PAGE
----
The 2018-19 Admirals will have a new look after bringing in Scott Nichol (former Director of Player Development of the Nashville Predators) as the new GM, and Karl Taylor (former assistant coach with the Texas Stars) as the new head coach. Only nine players from the 2017-18 squad have made it to the opening night roster with many players having jumped ship – pun intended – to other organizations. Leading scorer Emil Pettersson returns, but Bobby Butler is now in Hartford with the Wolf Pack and Frederick Gaudreau has earned a promotion to the big club. Starting goaltender Anders Lindback has gone overseas, and it appears Troy Grosenick has earned the full time netminder gig. Nick Baptiste is one of the new faces for Ads fans to be excited about as he should benefit from being in a new organization. In short, the Admirals intend to be a different team than last, but only time will tell if they’ll be able to compete in a tight Central Division.
Colin Delia. Last season, he was the rookie goaltender who helped turn Rockford’s season around. This included the IceHogs sweeping its opponents in the first two rounds of the Calder Cup Playoffs after making a late-season push for a playoff berth in the first place. Both the Blackhawks and IceHogs have placed so much trust in the young netminder who had begun the season with the ECHL’s Indy Fuel that they allowed both goaltenders Jeff Glass and Jean-Francois Berube to go elsewhere. Dylan Sikura also joins brother Tyler Sikura on the IceHogs roster, and they look to bring an impressive one-two punch to the organization. Leading scorers Tyler Sikura, Matthew Highmore and Anthony Louis all return, and the IceHogs also brought back Alex Broadhurst, who had 41 points (19 goals, 22 assists/) with the Monsters last season. If Jeremy Colliton’s team can pick back up where it left off, the IceHogs figure to push for a playoff spot yet again barring the Blackhawks treating the lineup like a revolving door as they did in 2017-18.
San Antonio Rampage
San Antonio will also be hoping a new coach can help them reach the postseason in 2018-19. The Rampage were 35-31-10-0 in 2017-18, finishing last in the Pacific and on the outside looking in come playoff time. The Rampage have not made the second season since 2014-15, and have only made it four times in team history, exiting in round one all four times. Drew Bannister comes in as the new bench boss after a season in which he led the OHL’s Sault Ste Marie Greyhounds to franchise records for wins (55) and points (116), earning Coach of the Year honors for both the OHL and the CHL as a whole. Goal scoring will be a massive key to the Rampage making or missing the playoffs this season, as San Antonio was 27th in the league scoring just 2.61 goals per game in 2017-18. On top of that, last year’s leading scorer Andrew Agozzino (23G, 21A, 44 PTS) is now with the Colorado Eagles. With the offense in question, the Rampage will lean heavily on their goaltending. Thankfully, they return Ville Husso between the pipes; he posted a 15-14-0 record (2.42 GAA, .922 SV%) last season.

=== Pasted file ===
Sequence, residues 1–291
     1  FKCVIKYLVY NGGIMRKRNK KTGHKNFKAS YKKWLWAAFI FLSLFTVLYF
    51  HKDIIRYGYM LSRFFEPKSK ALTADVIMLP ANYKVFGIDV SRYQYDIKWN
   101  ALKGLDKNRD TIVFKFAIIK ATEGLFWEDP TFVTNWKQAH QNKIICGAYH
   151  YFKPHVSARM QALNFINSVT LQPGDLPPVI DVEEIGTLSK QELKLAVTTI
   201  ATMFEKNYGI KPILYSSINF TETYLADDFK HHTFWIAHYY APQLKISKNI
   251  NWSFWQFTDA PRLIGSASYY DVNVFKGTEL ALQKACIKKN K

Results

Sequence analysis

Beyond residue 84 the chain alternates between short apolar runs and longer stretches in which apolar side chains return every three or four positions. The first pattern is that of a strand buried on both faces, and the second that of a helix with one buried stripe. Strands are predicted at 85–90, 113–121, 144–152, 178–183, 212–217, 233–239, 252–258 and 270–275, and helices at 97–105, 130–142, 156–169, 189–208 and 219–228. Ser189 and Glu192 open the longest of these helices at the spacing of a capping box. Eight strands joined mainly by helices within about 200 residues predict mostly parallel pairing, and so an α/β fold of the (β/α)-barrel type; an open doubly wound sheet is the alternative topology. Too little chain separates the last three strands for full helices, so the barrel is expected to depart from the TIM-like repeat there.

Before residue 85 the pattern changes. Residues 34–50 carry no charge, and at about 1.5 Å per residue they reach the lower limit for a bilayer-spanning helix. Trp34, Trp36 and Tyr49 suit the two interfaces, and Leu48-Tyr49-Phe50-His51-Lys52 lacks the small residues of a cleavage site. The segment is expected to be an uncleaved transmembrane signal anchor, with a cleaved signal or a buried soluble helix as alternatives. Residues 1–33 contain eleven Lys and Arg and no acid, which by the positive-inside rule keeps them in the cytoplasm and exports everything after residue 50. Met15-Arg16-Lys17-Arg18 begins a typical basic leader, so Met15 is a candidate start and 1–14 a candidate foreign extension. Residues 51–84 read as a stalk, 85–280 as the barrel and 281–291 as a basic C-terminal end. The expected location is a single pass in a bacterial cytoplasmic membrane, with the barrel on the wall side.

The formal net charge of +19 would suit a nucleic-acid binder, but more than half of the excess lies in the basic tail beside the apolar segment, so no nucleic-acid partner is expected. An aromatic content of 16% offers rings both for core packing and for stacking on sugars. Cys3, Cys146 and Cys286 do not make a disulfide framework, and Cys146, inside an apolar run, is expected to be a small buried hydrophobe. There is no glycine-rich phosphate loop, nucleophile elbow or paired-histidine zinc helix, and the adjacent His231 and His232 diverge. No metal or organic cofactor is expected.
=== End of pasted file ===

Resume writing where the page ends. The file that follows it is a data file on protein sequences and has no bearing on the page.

The Texas Stars come in as the defending Western Conference Champions, and off a playoff run which saw them come within one win of the Calder Cup. The Stars are now without Mike McKenna,14-8 (2.44 GAA, .927 SV%) in the playoffs, who signed with the Senators organization this summer. The Stars will turn to the duo of Landon Bow and Philippe Desrosiers to fill the void between the pipes. Bow was 20-15-5 (2.86 GAA, .903 SV%) in 46 appearances, while Desrosiers was 1-0-0 (0.86 GAA, .962 SV%) in two games for Texas last year. They will give coach Derek Laxdal the luxury of going with the hot hand in net. Texas and San Antonio have moved to the Central Division, which could bode well for the squad from Cedar Park. The Stars had a record of 21-7-1-3 against the Central in 2017-18. One area in which the Stars need to improve is the penalty kill. Texas ranked 27th in the AHL, killing just 78.9% of opponent power plays. The Stars return key defensemen such as Gavin Bayreuther and Dillon Heatherington, giving them a sturdy foundation to build upon when on the kill. They will also need to replace their captain, and leading playoff scorer, from a year ago in Curtis McKenzie (11G, 9A, 20 PTS in playoffs). Travis Morin (10G, 51A, 61 PTS) and Justin Dowling (13G, 28A, 41 PTS) return, and Denis Gurianov (19G, 15A, 34 PTS) is coming off an impressive preseason for NHL Dallas. When you add it a together, Texas has all the pieces to compete for the Central crown.